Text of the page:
That year, Minnesota health officials blamed Nebraska Beef for sickening 17 people who ate meatballs at a church potluck in rural Minnesota. Several victims filed lawsuits against Nebraska Beef, including the family of a woman who died. The company last fall sued the church, arguing that the volunteer cooks did not cook the meatballs properly.
Lamson said management has since asked that the suit be dropped.
Given the history of violations, some consumer advocates question why the Agriculture Department’s Food Safety and Inspection Service has not come down harder on the company.
“It seems that FSIS is walking on eggshells when dealing with Nebraska Beef,” said Food and Water Watch lobbyist Tony Corbo. “Instead, the agency keeps on coming up with Band-Aid approaches . . . while consumers keep on getting sick from eating products put into commerce by this company.”
“Companies are provided the opportunity to take corrective action,” USDA’s Reiser said.
Lamson said Nebraska Beef’s relationship with regulators has changed.
“We may have disagreed with USDA in the past, but we believe we have a very good relationship going forward . . . as exemplified by our cooperation and our voluntary recall,” he said.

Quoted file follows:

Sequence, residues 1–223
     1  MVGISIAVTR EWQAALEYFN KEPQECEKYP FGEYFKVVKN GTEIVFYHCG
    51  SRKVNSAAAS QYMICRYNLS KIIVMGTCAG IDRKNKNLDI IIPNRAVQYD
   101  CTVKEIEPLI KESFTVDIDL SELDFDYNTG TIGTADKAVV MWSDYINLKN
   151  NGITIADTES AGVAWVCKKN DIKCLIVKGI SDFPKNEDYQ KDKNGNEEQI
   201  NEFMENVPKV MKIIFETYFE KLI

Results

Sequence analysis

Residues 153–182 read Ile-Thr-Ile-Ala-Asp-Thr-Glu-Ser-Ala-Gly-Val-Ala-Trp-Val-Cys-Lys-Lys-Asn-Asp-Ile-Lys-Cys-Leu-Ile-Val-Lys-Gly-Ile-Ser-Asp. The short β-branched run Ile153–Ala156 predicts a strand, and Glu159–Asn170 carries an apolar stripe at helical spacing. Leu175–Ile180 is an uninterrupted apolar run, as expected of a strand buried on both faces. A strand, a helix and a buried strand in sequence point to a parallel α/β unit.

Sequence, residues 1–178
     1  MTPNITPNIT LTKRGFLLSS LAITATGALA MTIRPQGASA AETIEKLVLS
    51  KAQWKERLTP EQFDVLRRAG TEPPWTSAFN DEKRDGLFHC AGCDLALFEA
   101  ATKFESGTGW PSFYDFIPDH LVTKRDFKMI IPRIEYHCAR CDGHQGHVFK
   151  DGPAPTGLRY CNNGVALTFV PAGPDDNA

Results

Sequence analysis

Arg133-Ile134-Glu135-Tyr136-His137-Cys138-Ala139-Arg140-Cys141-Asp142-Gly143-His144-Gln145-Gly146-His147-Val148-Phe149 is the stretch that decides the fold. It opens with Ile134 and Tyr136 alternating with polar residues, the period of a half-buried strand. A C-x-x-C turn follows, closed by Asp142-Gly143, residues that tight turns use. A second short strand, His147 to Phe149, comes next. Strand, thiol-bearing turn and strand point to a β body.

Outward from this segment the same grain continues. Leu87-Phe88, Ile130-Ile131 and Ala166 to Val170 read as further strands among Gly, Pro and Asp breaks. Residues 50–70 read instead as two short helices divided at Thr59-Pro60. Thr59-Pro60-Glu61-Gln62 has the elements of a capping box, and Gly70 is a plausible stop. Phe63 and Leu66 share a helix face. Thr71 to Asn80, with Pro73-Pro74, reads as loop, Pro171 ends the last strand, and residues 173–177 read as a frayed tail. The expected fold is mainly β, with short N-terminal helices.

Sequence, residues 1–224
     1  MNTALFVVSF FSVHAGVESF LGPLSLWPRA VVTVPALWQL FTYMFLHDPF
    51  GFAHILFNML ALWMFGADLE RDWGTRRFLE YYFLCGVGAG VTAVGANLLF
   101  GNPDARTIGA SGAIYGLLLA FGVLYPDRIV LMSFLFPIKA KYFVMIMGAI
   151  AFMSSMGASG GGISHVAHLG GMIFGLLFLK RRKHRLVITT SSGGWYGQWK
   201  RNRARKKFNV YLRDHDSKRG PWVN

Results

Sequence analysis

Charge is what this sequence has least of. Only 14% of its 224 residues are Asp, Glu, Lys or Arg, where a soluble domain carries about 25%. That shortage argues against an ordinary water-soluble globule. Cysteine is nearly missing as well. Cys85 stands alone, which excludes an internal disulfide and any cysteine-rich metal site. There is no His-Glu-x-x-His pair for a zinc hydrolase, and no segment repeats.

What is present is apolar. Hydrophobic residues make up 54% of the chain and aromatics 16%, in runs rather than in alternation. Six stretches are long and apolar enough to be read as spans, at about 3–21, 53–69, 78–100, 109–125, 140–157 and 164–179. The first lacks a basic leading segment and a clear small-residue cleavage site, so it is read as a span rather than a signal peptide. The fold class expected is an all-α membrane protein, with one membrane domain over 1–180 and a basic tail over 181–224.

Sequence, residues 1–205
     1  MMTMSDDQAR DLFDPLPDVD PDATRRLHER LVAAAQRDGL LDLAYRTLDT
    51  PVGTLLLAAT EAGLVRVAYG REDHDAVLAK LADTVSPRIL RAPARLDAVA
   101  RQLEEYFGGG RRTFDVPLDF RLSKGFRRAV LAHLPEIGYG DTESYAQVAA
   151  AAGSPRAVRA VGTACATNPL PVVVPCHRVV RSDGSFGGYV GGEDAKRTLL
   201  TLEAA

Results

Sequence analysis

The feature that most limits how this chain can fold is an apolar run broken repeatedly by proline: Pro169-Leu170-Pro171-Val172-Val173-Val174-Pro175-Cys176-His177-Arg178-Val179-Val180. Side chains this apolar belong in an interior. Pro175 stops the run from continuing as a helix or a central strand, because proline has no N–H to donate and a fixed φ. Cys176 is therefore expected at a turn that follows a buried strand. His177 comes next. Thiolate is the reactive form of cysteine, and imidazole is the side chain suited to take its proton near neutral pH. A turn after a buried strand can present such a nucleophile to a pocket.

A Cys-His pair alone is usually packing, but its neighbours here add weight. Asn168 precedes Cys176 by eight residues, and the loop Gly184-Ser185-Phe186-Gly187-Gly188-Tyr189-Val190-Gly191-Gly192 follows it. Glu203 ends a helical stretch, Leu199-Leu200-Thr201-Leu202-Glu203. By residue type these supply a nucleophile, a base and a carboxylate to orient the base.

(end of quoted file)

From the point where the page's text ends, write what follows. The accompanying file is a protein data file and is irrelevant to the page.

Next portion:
The force behind Nebraska Beef is Nebraska businessman William Hughes. Hughes was a top executive at the now-defunct BeefAmerica. In 1997, the USDA yanked its inspectors from BeefAmerica’s Norfolk, Neb., plant because of repeated sanitation violations, including contamination of meat with fecal matter. The company had to recall more than 600,000 pounds of beef after the USDA traced E. coli O157:H7-tainted meat from a Virginia retailer to the Omaha packer. It filed for bankruptcy the following year.
By then, Hughes was already part of a group of Nebraska Beef investors. The state gave the company additional financial support in the form of $7.5 million in tax credits under its Quality Jobs Act. Then-Gov. Ben Nelson (D), now a U.S. senator, sat on the three-member jobs board that approved the tax credits. Nelson’s former law firm, Lamson, Dugan and Murray, represents Nebraska Beef.
While state leaders welcomed Nebraska Beef and the jobs that came with it, residents who lived near the plant did not, and for more than a decade, they battled the company over manure strewn in the street and workers walking off the kill floor and into the local grocery store covered in cow splatter, said South Omaha resident Janet Bonet.
Labor unions have also criticized Nebraska Beef over its labor practices. Since 1998, the company has had 47 workplace safety violations and paid more than $100,000 in fines, Occupational Safety and Health Administration records show. Lamson said most were not serious.
In 2002, a National Labor Relations Board official voided a 2001 vote against unionizing Nebraska Beef employees. The NLRB official found that management interrogated workers about their union sympathies and threatened to fire, terminate benefits for or reassign employees who voted to unionize.
Whole Foods Market said customers who bought ground beef between June 2 and Aug. 6 should throw it out. They can return the packaging or receipt to the store for a refund.